Rats vs rats

Matthew Mattus mmattus@charter.net
Fri, 03 Sep 2004 10:17:52 PDT
My first posting after joining, and  I've been reading this group for a year

I live in Worcester Massachusetts, and my collection of Camellia's from
Nuccio's, about 20 potted trees, too have been abused by rats and squirrels.
My elderly father, who keeps an apt above the car garages, feeds the birds
obsessively. So we find seed spread around the greenhouses, on benches, on
cut  wood that we stack for the firesplaces, everywhere.

One day, we noticed that we first had many squirrels, but now closer
inspection also told us that many of these we're big brown rats too, eating
with the squirrels. They are buddies.

I assume that they first came to our place since we had poultry in the
barns. But now that the chickens are all gone, the rats have come closer. I
too noticed that since we breed Irish terriers, well known ratters, that we
never saw any until now, since the dogs are now off at shows in California
for the fall. No wonder out little Margaret zips out back whenever she
can...to hunt!

The rats have posed a big problem now for us, since, although they stay out
of the greenhouses since they are made of steel and stone, with high
foundations to keep snakes out (my own silly phobia! don't ask!) The rats do
dig through the potted plants out side for the summer, and now come quite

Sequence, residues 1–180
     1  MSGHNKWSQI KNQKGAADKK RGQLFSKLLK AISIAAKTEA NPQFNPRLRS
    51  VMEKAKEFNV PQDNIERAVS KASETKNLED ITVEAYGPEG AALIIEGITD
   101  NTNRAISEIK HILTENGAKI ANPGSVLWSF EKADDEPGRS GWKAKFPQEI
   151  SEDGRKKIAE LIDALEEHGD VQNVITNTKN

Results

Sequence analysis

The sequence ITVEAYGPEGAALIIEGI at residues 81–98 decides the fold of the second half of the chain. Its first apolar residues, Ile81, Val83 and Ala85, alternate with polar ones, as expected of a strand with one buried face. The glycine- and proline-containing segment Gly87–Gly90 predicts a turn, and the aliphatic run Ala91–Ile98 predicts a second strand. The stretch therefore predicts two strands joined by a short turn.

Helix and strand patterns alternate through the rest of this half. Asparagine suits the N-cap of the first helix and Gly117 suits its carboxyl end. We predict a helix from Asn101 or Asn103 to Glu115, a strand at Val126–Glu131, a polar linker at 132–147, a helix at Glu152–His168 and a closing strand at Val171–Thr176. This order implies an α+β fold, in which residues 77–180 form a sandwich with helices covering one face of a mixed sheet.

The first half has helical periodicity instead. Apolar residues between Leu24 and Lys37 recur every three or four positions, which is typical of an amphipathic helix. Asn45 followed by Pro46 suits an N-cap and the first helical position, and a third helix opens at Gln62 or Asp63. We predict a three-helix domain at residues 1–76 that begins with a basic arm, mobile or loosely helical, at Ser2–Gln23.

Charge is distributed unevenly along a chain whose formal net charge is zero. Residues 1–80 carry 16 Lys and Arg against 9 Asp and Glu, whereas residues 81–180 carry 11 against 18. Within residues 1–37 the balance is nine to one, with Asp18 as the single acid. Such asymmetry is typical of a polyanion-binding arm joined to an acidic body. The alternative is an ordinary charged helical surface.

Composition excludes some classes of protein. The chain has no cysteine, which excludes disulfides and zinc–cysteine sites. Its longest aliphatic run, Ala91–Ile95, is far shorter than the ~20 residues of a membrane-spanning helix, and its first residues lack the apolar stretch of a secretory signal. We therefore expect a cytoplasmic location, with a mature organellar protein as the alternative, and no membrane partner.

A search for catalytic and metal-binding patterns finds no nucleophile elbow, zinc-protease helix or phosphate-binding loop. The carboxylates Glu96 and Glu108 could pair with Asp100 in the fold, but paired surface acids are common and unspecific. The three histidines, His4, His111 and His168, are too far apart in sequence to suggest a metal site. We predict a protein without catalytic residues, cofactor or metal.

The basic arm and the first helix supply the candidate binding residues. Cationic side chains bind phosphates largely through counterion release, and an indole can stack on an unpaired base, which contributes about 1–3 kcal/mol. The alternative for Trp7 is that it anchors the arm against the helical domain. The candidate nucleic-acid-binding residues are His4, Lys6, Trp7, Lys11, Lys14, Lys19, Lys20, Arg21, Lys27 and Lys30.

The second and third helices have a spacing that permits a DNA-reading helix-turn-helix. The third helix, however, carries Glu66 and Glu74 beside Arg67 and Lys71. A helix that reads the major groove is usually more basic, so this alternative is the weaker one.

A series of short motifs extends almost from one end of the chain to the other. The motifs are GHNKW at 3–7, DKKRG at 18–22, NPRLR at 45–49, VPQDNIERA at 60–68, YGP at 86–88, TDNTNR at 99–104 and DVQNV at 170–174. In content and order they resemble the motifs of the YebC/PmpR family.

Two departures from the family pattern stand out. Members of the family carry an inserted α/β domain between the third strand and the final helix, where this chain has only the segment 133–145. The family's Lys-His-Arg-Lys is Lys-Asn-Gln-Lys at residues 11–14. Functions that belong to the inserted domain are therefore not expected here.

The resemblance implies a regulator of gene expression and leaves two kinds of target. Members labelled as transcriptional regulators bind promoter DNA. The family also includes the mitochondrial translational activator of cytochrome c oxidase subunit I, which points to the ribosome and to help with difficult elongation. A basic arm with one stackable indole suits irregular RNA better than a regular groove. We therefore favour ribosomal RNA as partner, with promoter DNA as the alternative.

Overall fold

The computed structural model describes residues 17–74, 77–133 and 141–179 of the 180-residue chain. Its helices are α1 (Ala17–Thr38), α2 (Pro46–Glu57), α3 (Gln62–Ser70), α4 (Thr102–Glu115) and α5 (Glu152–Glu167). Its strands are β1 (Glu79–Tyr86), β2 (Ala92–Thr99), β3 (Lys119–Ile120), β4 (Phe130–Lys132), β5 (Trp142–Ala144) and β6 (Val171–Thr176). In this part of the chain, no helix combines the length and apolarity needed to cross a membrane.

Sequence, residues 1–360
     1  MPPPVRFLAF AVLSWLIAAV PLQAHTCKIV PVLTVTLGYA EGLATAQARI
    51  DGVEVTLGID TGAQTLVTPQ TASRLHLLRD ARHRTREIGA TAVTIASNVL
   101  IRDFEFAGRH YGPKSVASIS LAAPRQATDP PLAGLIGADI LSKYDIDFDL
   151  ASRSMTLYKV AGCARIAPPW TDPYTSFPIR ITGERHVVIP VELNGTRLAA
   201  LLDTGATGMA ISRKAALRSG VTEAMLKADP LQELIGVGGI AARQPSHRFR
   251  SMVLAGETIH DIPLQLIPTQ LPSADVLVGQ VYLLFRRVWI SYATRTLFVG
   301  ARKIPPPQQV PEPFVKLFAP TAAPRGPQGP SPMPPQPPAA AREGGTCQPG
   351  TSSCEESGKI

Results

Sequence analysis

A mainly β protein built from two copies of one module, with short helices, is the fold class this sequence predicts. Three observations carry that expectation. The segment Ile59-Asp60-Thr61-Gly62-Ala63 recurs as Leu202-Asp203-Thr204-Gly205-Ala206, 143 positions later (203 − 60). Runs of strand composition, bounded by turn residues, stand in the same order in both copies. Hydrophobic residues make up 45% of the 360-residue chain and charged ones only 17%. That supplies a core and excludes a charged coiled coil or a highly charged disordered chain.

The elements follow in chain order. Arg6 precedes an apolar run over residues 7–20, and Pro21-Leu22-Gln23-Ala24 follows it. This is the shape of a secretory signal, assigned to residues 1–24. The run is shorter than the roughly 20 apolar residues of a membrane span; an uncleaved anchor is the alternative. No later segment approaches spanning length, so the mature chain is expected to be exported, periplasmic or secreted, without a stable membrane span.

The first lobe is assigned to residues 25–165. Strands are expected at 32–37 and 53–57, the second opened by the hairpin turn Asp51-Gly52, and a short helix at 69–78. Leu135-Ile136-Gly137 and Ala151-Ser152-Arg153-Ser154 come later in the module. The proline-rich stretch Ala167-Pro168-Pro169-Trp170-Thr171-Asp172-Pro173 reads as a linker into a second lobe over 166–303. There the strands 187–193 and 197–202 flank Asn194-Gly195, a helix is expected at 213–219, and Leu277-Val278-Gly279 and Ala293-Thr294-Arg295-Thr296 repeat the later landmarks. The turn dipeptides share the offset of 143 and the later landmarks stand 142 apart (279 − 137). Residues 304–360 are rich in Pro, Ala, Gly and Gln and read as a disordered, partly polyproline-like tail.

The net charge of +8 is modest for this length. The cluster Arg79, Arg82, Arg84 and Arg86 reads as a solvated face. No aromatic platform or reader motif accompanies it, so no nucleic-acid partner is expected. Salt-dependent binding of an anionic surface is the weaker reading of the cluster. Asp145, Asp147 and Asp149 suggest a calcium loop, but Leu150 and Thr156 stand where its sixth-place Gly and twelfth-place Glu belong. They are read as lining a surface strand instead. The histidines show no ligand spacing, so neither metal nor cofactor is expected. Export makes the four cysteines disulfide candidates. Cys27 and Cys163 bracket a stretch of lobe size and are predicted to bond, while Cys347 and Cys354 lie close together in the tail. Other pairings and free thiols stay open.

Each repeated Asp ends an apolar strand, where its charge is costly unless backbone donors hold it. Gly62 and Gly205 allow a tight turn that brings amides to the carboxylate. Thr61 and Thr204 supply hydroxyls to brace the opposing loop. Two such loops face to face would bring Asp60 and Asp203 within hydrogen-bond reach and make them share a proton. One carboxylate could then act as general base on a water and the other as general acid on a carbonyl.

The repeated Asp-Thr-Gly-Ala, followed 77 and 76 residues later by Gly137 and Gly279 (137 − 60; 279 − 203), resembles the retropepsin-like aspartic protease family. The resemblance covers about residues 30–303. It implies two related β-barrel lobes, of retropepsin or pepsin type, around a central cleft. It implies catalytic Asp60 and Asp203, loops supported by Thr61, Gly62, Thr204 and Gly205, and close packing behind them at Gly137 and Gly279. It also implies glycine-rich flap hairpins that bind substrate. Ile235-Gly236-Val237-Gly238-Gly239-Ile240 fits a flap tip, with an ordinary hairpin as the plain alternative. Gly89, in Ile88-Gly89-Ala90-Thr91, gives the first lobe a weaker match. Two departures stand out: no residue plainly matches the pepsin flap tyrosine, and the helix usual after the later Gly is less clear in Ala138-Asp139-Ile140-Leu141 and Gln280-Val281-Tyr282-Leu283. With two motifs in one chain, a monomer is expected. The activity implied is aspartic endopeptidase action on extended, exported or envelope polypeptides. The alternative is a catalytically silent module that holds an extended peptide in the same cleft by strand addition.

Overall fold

close to the porches of the house. We have stopped feeding the birds except
at select station, that have elaborate squirrel protection designed, but
getting rid of them is still aproblem, since we don't want to use poison.

The rats have eaten 5 of our biggest  Amorphophallus konjac, including two
A. titanum.

Mice have been a problem in the cold frames, I once counted 14 under one
board. I lost all of our hardy common bulbs last year (tulips, etc,
ornamentals for forcing and gifts) but the mice stay out of the big
greenhouse since it is pretty sealed off. Good thing, since the Nerine
sarniensis collection and cyrtanthus, clivia and South African bulbs are
kept safe.

This year we are constructing a new Alpine house, and since I designed it to
have louver windows at bench height all around, I am concerned for the
frit's and primulas inside. We'll see. Since we are loading it up for the
autumn today.

Anyway, now I am not embarrased to admit this little problem with nature.
Rat's don't necessarily mean that you have trash, it just means that they
are finding food and shelter.

Greetings from Central Massachusetts!

Matt Mattus
Worcester, Massachusetts USA
USDA Zone 5

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